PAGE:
Stress in Connected Speech 1. They are pre'paring for their exami'nation. 2. Please per'mit me to pre'sent my 'case. 3. I’m dis'gusted with your be'haviour. 4. It’s a re'markable a'chievement. 5. He is a 'clever poli'tician 6. 'Meet the Di ' rector at 'ten in the 'morning. 7. 'London is the 'capital of 'England. 8. 'Green 'Vegetables are 'good for 'health. 9. I 'want to be'come an engi'neer. 10. We ex'port to'bacco to 'China.
Rhythm 'Jack and 'Jill went 'up the 'hill To 'fetch a 'pail of 'water 'Jack fell 'down and 'broke his 'crown And 'Jill came 'tumbling 'after. 'Twinkle, 'twinkle 'little 'star 'How I 'wonder 'what you 'are 'Up a'bove the 'world so 'high 'Like a 'diamond 'in the 'sky.
English Rhythm – Practice a.'Come`here 'Sit`down 'No`more 'Try`hard 'Ask`John b.'Trya`gain 'Note`nough 'Half an `inch 'Make the `tea 'Drop a `line
c.I `think so I 'd `like to I 'd `love to I `couldn't I `went there I d.It's `possible I 've `heard of it Get `rid of her He `borrowed it I `spoke to them
e.'Send him a `way 'Read it a `loud 'Give me a `pen 'Throw it a `way 'What have you `done f.I 'want to `know I 'thought I `could He 'had to `go He 'wants to `learn A 'glass of `wine
g.I 'wanted to `know She 'asked me to `go It 'used to be `mine You 'promised to `write I 'm 'glad you've `come I 'wanted to `see him There 's a 'hole in your `sock He 'put it on the `floor You 're 'wanted on the `phone 'What do you 'think you're `doing?
INTONATION Patterns of variation of the pitch of the voice constitute the Intonation of that language. It is an important feature of spoken language. Functions:Intonation indicates- a) the type of utterance said by the speaker (i.e. whether it is a question or a statement, a command or a request) b) the attitude of the speaker.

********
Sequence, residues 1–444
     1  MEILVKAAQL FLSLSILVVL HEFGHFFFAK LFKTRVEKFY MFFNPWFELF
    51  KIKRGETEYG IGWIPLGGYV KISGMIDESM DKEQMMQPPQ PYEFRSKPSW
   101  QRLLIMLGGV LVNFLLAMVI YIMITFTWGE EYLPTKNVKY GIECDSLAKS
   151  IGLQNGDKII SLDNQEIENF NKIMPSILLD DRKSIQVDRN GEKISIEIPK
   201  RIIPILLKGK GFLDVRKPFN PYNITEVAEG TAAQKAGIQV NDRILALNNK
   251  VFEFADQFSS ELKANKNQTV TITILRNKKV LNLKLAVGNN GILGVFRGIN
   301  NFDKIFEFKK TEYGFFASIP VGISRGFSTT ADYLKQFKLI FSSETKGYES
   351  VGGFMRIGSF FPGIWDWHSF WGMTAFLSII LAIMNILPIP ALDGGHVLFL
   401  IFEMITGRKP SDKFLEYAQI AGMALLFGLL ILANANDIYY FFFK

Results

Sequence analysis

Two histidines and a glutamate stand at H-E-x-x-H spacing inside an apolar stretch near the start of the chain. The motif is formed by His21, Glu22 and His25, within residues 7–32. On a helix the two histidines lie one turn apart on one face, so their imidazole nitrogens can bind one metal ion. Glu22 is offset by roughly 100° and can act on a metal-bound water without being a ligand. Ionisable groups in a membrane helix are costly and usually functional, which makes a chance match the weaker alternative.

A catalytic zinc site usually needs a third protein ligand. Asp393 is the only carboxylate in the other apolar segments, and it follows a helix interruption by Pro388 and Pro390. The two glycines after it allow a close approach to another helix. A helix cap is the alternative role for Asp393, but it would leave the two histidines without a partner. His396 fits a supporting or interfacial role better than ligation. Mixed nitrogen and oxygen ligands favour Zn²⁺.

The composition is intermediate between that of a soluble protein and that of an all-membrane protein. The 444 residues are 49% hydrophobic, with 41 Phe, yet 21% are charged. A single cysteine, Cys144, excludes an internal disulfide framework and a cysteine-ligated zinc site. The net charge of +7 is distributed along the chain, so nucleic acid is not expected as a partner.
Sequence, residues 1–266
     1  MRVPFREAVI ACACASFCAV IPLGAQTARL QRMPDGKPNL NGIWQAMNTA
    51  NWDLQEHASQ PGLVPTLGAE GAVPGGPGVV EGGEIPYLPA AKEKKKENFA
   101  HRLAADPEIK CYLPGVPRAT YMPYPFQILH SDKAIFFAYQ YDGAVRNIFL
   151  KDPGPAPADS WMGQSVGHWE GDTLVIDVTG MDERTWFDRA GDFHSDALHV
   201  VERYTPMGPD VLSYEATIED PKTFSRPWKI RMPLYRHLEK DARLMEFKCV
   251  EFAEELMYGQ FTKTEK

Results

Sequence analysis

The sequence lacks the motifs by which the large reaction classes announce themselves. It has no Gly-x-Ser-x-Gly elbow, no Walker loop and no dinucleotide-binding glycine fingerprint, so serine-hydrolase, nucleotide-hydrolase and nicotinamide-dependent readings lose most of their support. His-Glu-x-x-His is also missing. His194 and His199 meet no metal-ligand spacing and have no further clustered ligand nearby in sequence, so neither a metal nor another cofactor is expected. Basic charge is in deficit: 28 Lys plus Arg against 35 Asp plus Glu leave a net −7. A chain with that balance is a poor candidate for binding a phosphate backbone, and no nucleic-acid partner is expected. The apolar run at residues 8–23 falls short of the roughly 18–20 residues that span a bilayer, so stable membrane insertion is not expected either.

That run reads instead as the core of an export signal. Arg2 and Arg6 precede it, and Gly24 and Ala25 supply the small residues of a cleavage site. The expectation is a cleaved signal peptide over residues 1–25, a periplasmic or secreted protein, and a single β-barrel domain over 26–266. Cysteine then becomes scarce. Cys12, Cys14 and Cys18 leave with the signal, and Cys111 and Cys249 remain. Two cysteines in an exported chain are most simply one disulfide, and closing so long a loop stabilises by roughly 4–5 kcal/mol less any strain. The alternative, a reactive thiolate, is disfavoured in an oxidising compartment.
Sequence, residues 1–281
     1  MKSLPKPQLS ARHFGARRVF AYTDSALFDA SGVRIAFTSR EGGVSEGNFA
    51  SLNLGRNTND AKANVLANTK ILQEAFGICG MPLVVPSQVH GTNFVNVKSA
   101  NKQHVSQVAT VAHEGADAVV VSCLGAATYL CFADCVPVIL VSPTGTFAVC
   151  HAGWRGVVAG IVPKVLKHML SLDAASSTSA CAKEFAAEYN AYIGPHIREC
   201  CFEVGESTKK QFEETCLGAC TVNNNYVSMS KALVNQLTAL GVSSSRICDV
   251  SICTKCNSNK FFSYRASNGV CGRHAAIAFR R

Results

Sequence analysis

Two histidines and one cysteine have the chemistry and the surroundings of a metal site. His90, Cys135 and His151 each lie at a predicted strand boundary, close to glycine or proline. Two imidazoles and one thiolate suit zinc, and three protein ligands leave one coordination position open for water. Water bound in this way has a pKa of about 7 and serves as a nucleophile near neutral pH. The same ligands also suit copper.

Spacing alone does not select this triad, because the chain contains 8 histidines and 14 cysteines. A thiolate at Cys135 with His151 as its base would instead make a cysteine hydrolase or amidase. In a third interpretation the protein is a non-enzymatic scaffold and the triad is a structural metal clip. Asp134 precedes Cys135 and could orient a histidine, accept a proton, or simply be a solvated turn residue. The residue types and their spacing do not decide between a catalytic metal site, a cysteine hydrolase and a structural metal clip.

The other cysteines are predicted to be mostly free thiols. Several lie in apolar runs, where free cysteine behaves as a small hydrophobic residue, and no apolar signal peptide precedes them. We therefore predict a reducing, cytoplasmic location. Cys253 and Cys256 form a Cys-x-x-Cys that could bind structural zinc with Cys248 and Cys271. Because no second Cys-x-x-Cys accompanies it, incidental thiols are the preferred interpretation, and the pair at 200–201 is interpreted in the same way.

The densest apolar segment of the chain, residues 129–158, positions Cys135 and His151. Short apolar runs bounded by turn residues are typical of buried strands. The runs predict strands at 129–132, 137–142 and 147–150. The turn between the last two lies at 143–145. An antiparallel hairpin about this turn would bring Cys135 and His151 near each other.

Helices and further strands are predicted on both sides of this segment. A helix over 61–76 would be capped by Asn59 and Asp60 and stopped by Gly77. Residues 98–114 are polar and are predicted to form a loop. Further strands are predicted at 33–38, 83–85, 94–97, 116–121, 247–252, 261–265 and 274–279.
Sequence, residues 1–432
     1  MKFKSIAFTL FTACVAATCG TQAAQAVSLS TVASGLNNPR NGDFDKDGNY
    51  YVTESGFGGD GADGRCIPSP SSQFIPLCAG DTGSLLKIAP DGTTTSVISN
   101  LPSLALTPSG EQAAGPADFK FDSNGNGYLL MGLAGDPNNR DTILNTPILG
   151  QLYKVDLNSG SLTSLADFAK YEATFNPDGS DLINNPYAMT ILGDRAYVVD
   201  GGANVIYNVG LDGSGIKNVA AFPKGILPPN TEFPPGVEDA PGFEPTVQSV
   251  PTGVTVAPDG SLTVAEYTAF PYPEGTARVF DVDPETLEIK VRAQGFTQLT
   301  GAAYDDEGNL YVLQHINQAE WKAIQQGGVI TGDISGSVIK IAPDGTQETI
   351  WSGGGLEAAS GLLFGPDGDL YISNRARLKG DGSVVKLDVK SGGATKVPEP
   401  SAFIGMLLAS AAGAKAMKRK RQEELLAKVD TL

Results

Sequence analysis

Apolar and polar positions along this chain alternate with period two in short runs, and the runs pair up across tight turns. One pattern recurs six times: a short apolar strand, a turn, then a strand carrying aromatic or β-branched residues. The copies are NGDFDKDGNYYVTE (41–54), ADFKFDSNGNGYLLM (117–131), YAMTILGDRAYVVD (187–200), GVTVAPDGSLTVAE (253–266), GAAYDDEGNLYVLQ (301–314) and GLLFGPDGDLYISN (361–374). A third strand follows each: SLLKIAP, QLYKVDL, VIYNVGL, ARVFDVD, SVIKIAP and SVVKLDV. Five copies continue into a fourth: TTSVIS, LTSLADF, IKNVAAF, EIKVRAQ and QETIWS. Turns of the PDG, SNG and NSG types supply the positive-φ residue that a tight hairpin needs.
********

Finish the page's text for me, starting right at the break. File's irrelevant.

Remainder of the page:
Intonation patterns vary from language to language. Tone -2 types (Static & Kinetic) Static Tone-stressed syllable said on a level pitch. Eg:- 'Sita is 'going to 'Delhi. Kinetic Tone-stressed syllable said with a changing pitch. Eg:- 'Sita is 'going to `Delhi.
Thus, Stress=Degree of prominence Tone=Stress + Pitch change All important words in a sentence are stressed. But one word (syllable) may be more important than others. It is the nucleus & it carries the tone. Eg:-I’ll 'ring you on `Monday. I’ve 'just 'bought a `car.
I.The Falling Tone. The pitch of the voice starts at a high level and falls to a low level on a single stressed syllable. `Thanks. `Yes. `No. Uses:- 1. In ordinary statements. 'Glad to `meet you. She can 'sing `well. I’m 'going to `London.
2.In wh-questions when said in a neutral way. 'What’s your `name? 'How’s your `father? 'When did you `come? 3.In commands, 'Go and `post it. 'Do it `tomorrow. 'Don’t `jump to coǹclusions. 4.In exclamations. 'How aǹnoyong! 'What 'lovely ròses ! 5.In question – tags when you expect agreement. You 'work in `London, / ‘don’t you? `yes, / I`do, You’re on `holiday, / `onen’t you? `yes, / I `am.
The Rising Tone The pitch of the voice starts from a low level and rises to a high level on a single stressed syllable. ِ Thanks. ِ Yes. ِ No. Uses:- 1.In incomplete utterances, often the first clause of a sentence. ِ Luckily, / the snake didn’t `bite anyone. 'When I ِ went there, / it was `dark. It I ِ go there, /I’ll 'buy you a `dress.
2.In Yes/No type questions. ' Can you ِ come? 'Are you ِ there? 'Is 'father at ِ home? 3.In wh-questions when said in a friendly way. 'What’s the ِ time? 'What’s the ِ matter? 'When are you ِ going?
4.In polite requests or encouraging invitations. 'Do sit ِdown. 'Come ِhere. 'Could I 'borrow your ِnewspaper. 'Please 'shut the ِdoor. 5.5. In question – tags when you do not expect agreement but simply seeking information. You 'work in `London, / ‘don’t you? `No, / I ِdon’t. You’re on `holiday, / ِ aren’t you? `No, / I’m ِ not.